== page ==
As much as I respect and admire the elegant creature that is the horse, we’ve had sort of a rocky relationship.  Last weekend I was reintroduced to horseback riding thanks to Janet Hancey of the West Desert Chapter of the Back Country Horsemen of Utah and her 15 year old mustang, Reno.

Our ride along the Oquirrh benches is the subject of this week’s newspaper article, which will print in Thursday’s edition of the Tooele Transcript Bulletin.  I’m limited to 1000 words for these columns, so I didn’t have time to fully explain my falling out with Equus ferus caballus.

Had I more room, I would have told about the time an overly affectionate horse nearly sent me plunging to my bloody death in Pockets Fork, or the time a spooked stud sent my sister to the ER with a nasty concussion.

Instead, I stuck with embarrassing horse-related date-gone-wrong stories.  Believe it or not, I do indeed have more than one horse-related date-gone-wrong story.  Stay tuned!

Pineapple Jerky?
Heck yeah.  The folks at sent me some for a product review, which I’ll post sometime next week.  Good stuff.  Dang good stuff.

No Line on the Horizon is here!
Got it this morning at Wal-Mart.  I purchase the bulk of my music online, but some artists simply deserve more of an effort.  I’m about 3/4 of the way through the album now.  I’ll post a detailed review sometime in the future, but my initial thoughts may be boiled down to one line:

Lyrically lacking, musically brilliant.

More to come.

Tweet Tweet
Ok, so I caved and hopped on the Facebook bandwagon in December.  Last week I decided to check out Twitter.  I mock the cell phone texting phenomenon, which is how a lot of people do their twittering.  I still think texting is dumb (though the term “texting” may actually be dumber than the activity itself), and it annoys me when people text while driving or when their attention should be elsewhere.

But this Twitter thing is like blogging for the attention deficit.  So it’s Right up my alley!  Just FYI, though–  thus far my updates are infrequent (see my views on “texting” above) and fairly impersonal.  I think that’s a wise course of action.

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Posted by on March 3, 2009 in Gear Reviews, Music, U2, Weekly Run-Down


Gear Review: Tarpeez soft cover tarps

[UPDATE 12/07/2009 My site stats show this post gets a lot of hits, so I would do potential Tarpeez buyers a disservice if I didn’t post an update on my Tarpeez tarp.  I stand by my review below, but I should let you know that mine broke just over two months after I wrote it.

I had covered my utility trailer with it after taking my family to cut a Christmas tree.  On the drive back home (straight highway, flat road, doing about 75 mph) the tarp ripped away from its fastening cord, leaving me 75 miles from home with no way to secure my load.  I still like the product, but keeping a backup on hand might be a good idea.]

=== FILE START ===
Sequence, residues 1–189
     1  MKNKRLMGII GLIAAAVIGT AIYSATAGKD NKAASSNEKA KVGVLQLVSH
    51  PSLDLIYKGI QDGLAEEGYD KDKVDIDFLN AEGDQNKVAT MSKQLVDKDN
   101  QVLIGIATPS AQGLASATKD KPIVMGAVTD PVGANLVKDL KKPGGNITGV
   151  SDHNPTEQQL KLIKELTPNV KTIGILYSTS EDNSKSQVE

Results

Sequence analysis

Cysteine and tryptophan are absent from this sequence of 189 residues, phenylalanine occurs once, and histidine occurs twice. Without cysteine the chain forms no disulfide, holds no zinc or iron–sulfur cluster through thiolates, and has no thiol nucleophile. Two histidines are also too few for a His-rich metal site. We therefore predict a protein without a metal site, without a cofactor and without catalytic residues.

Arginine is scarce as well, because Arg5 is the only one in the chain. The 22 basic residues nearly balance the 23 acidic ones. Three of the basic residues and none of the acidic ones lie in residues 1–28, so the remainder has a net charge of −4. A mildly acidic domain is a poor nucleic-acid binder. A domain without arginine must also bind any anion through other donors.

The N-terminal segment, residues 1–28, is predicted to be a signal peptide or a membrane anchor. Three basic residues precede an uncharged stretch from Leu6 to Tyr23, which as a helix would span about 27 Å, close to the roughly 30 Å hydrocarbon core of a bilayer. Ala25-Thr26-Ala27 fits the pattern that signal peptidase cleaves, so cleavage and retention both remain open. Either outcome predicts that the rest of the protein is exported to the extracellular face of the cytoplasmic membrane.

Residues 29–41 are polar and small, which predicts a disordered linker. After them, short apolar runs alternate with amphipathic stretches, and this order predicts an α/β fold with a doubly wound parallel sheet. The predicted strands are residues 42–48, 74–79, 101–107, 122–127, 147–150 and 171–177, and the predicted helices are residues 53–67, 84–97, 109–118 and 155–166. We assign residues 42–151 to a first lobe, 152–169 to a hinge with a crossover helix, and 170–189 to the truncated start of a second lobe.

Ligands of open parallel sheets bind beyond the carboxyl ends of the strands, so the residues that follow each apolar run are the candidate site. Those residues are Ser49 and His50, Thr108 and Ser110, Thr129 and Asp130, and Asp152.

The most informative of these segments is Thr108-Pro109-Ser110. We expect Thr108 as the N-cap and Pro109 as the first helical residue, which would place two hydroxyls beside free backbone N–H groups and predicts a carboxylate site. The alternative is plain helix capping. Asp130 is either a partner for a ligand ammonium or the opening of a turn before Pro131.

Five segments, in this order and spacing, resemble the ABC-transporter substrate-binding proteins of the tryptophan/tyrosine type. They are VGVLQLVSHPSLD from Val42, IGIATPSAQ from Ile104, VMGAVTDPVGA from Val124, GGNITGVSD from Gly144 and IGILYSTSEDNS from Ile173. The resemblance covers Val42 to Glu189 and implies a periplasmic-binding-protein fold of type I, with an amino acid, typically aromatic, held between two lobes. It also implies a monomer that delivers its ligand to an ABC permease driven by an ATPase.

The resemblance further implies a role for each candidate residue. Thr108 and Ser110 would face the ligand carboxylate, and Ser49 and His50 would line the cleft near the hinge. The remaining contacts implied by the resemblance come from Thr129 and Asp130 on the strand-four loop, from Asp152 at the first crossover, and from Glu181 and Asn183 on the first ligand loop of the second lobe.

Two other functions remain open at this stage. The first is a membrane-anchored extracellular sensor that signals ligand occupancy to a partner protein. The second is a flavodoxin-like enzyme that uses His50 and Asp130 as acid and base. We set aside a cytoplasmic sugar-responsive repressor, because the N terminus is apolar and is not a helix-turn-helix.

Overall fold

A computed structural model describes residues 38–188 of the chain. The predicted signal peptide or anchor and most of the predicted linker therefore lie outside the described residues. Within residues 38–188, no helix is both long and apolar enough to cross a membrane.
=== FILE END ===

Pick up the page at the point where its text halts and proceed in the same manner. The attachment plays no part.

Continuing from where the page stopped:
Can’t speak for the truck, but Tarpeez has my trailer covered!

Two things you can never accuse me of are being normal or fitting in. So it should come as no surprise that my very first gear review centers on the “unorthodox” use of the product in question. Now before the people at Tarpeez start sweating bullets, let me just state up front that while I have no idea how well their truck tarp works on a truck, it definitely earns an ‘A’ for its performance on my trailer.

Long story short- I received a standard-size tarp. My dad’s truck has a full-size bed.

Not a problem, because the tarp was a near-perfect fit for my 4 ½’ x 8’ SnowBear utility trailer.

Between landscaping, camping, and trips to the landfill, I do a lot of hauling with my trusty SnowBear. Up until I received my Tarpeez review unit, my search for a functional, non headache-inducing canopy for the trailer. Run-of-the-mill tarps are always either too big or too small, which meant weaving two smaller tarps together or rolling with an oversized parachute. Other more creative options were always sub-par, and I haven’t the patience to deal the tangled nightmares of a net.

So when “dumps day” rolled around this month, I decided to visit the Tarpeez website and put its claims to the test.

My load included boxes, tree branches, and a toilet. Since the tarp was specifically designed for use on a truck bed, I expected to take extra time figuring out how to secure it to my trailer. To my surprise, the single, continuous bungee and strategically placed hooks adapted well to the bars and walls on the trailer. In fact, it took only a minute to throw it on and secure the load.

Broken ceramic and sharp jutting branches strategically placed so as to thoroughly test the company’s claims of durability didn’t so much as scratch the tarp’s smooth, hearty material– even after a faster-than-normal detour down a barely passable dirt road. And though the canopy didn’t completely cover the load, none of the smaller items escaped along the way. On the way back home, I picked up a load of loose compost. Again, the tarp was easy to install and kept the load secure for the duration of the trip.

But my Tarpeez cover had one more test to pass when I got home– the test failed almost by tents, sleeping bags, and other tarps– the “will it fit back in it’s stuff sack” test. I’m happy to report that my Tarpeez easily stuffed back into it’s bag in about 20 seconds.

The verdict: Tarpeez soft cover tarps are simple, tough, functional, and adaptable. Now that I’ve got the trailer covered, I can’t wait to get one for the truck.

Check them out at


Posted by on September 17, 2008 in Gear Reviews